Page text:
A slanted roof carport would be easy to build. See if you can get the materials. Anything sturdy you could build would really help (keep the snow off your camper). Is there a place you can park it where there are windbreaks?
 

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look your topic up in the archives - this topic comes up every year with many good suggestions.

Also, if you'd put your general location in in the upper right, you'll get answers more specific to your needs. Helps with gardening questions also.
 

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Get bails of hay and put them around the entire camper - put tarps over the hay - don't use propane except in an emergency - use the electric to heat and cook - have a generator in the event the power goes out - to be safe winterize the water system and don't use it - the sanitary system should be ok - to flush use a bucket of water - have plenty of warm clothing and blankets - every once in awhile air out the camper to get rid of the humidity - you don't want the inside of camper get wet from the cooking and breathing - then just imagine that you are camping and have fun -
 

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You didn't say how big your camper was, but if you elect to drain your lines and winterize? I'd recommend a composting toilet. You can build one very easily yourself:

http://humanurehandbook.com/humanure_toilet.html

Where we live, everyone has outhouses on their properties. If you don't have one, building one is fast and fairly simple.

We use a Honda Generator for camping; it is a great little generator!

More great suggestions- the hay bales!
 

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Discussion Starter #14
Ok I figured out how to add my location, and I'll start reading up on the old threads as well. But if I don't hook up the water what do you do about bathing? I don't mind building a little out house but don't want to stink all the time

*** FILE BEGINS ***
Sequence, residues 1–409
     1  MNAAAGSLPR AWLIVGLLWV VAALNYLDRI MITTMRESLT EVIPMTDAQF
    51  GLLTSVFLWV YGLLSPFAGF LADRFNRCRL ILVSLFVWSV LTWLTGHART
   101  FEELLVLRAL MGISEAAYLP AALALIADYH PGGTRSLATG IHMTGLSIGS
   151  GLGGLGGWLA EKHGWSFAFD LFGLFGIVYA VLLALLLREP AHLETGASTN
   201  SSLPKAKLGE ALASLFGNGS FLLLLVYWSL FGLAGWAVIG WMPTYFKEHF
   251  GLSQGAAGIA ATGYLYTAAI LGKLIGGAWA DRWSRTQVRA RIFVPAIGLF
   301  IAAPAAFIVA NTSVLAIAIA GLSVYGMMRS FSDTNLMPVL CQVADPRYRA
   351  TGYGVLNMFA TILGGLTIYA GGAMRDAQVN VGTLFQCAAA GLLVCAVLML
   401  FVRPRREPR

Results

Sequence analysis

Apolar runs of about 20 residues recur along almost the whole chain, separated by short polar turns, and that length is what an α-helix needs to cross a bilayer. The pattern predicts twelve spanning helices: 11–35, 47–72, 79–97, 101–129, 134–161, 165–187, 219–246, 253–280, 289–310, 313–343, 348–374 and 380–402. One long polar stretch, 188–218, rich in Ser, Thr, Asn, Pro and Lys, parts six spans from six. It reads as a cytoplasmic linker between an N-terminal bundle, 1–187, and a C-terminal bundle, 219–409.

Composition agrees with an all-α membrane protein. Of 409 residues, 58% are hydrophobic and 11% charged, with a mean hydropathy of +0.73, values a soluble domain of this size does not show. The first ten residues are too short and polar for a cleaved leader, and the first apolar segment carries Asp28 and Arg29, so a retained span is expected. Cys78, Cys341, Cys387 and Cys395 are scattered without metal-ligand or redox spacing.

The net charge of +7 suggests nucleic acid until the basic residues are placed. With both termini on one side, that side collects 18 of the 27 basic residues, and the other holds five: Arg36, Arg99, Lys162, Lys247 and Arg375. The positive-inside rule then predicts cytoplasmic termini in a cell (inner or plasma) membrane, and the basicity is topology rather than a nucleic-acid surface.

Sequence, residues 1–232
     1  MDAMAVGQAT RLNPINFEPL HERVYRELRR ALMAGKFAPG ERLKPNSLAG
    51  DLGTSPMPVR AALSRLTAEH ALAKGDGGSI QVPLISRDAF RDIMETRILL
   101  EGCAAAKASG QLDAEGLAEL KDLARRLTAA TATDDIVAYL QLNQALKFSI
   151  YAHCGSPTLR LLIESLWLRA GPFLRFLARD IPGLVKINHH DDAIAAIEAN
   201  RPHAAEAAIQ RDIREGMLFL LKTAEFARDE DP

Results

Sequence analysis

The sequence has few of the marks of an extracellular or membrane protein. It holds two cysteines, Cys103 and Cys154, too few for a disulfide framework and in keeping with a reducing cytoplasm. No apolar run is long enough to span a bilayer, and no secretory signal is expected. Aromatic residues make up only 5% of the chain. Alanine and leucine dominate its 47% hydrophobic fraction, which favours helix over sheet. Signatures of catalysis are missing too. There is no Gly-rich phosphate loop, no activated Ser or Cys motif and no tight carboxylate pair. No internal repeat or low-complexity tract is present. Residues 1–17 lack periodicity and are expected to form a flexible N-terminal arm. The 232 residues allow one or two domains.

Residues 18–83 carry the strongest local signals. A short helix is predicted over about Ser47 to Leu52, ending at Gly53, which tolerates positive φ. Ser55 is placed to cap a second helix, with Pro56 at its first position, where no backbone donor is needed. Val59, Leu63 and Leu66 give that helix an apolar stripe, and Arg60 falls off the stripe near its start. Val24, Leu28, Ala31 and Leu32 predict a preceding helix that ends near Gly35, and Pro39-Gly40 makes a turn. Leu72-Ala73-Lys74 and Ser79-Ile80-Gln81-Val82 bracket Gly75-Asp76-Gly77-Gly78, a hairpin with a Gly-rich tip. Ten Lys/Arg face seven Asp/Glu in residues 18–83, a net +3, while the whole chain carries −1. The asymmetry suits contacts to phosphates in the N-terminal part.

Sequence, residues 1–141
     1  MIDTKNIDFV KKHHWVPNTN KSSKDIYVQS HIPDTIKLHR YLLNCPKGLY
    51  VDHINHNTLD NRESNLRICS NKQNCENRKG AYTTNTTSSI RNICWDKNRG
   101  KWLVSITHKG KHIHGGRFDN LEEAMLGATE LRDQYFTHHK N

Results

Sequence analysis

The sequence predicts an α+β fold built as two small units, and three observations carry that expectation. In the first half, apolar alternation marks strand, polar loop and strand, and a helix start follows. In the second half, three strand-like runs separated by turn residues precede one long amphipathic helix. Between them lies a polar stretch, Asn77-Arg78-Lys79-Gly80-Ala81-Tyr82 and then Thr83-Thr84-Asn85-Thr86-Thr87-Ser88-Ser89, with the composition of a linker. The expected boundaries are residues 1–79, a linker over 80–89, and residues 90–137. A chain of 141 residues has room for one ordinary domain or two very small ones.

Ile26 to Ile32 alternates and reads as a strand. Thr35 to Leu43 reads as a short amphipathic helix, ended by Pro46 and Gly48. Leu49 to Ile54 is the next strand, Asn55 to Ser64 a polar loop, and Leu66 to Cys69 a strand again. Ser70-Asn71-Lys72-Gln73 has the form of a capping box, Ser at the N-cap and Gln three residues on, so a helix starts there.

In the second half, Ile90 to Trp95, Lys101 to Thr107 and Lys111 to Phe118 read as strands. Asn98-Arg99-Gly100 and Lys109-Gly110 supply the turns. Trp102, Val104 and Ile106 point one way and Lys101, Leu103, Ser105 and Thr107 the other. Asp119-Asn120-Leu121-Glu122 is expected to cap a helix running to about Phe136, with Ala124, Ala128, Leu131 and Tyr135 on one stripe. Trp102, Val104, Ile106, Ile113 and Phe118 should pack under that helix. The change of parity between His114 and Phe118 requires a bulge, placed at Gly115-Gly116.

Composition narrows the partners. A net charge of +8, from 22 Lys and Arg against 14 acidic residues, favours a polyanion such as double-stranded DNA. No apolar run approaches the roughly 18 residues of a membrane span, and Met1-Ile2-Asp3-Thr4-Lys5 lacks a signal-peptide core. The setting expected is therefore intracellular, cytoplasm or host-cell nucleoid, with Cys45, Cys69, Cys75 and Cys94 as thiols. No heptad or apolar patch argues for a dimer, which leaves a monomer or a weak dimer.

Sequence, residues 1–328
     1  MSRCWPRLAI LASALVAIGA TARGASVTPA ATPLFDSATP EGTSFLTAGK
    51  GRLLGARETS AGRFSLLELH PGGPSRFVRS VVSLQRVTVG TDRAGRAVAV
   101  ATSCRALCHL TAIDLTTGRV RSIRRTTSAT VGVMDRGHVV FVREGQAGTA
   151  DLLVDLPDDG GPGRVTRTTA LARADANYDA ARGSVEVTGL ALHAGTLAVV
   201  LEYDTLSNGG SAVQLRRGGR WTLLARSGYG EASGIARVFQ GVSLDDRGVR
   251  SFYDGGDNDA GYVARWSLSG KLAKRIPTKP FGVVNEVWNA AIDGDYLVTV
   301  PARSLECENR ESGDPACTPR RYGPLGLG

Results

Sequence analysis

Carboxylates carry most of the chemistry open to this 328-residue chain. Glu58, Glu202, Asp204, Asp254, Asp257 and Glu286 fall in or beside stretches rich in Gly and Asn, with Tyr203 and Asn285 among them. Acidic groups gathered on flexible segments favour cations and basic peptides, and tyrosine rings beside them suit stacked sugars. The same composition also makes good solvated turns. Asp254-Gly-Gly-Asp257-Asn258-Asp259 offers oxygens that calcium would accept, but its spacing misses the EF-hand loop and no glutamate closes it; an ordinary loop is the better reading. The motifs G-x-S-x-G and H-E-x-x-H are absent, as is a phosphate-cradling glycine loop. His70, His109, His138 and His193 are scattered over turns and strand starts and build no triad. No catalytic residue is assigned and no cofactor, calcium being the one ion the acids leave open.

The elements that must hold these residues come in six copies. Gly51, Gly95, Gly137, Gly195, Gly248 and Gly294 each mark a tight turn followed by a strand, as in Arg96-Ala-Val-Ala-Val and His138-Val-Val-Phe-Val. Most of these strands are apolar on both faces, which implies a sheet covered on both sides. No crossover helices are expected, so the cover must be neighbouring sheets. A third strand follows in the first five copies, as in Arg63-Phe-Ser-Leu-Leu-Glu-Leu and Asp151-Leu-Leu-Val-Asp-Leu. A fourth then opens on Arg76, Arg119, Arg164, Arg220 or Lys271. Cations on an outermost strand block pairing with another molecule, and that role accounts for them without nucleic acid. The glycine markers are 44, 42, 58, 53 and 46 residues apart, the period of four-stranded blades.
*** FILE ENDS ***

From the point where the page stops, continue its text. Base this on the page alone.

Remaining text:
ETA: it's 24ft 1976 trailer
 

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What kind of shower/bath does it have? Melt snow for water warm it up use for shower. camp showers should be on sale.
 

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For what it is worth.
We tried living in a camper for about 6 months. (Upstate S.C.). Temps about 30-40 at night. We closed underneath. I almost froze, could not take it. I had to scrape ice off the windows (inside) every morning. Shower so small and never warm.
We took what money we had (delayed house building for a while) and bought a small mobile home. It was not equipped and was almost like a boxcar but tight. We stripped the camper and used what we could, sold the rest.
It was warmer and comfortable.
Took almost 2 years, but worth every penny. It is now a storage unit.
Good luck.
 

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For what it is worth.
We tried living in a camper for about 6 months. (Upstate S.C.). Temps about 30-40 at night. We closed underneath. I almost froze, could not take it. I had to scrape ice off the windows (inside) every morning. Shower so small and never warm.
We took what money we had (delayed house building for a while) and bought a small mobile home. It was not equipped and was almost like a boxcar but tight. We stripped the camper and used what we could, sold the rest.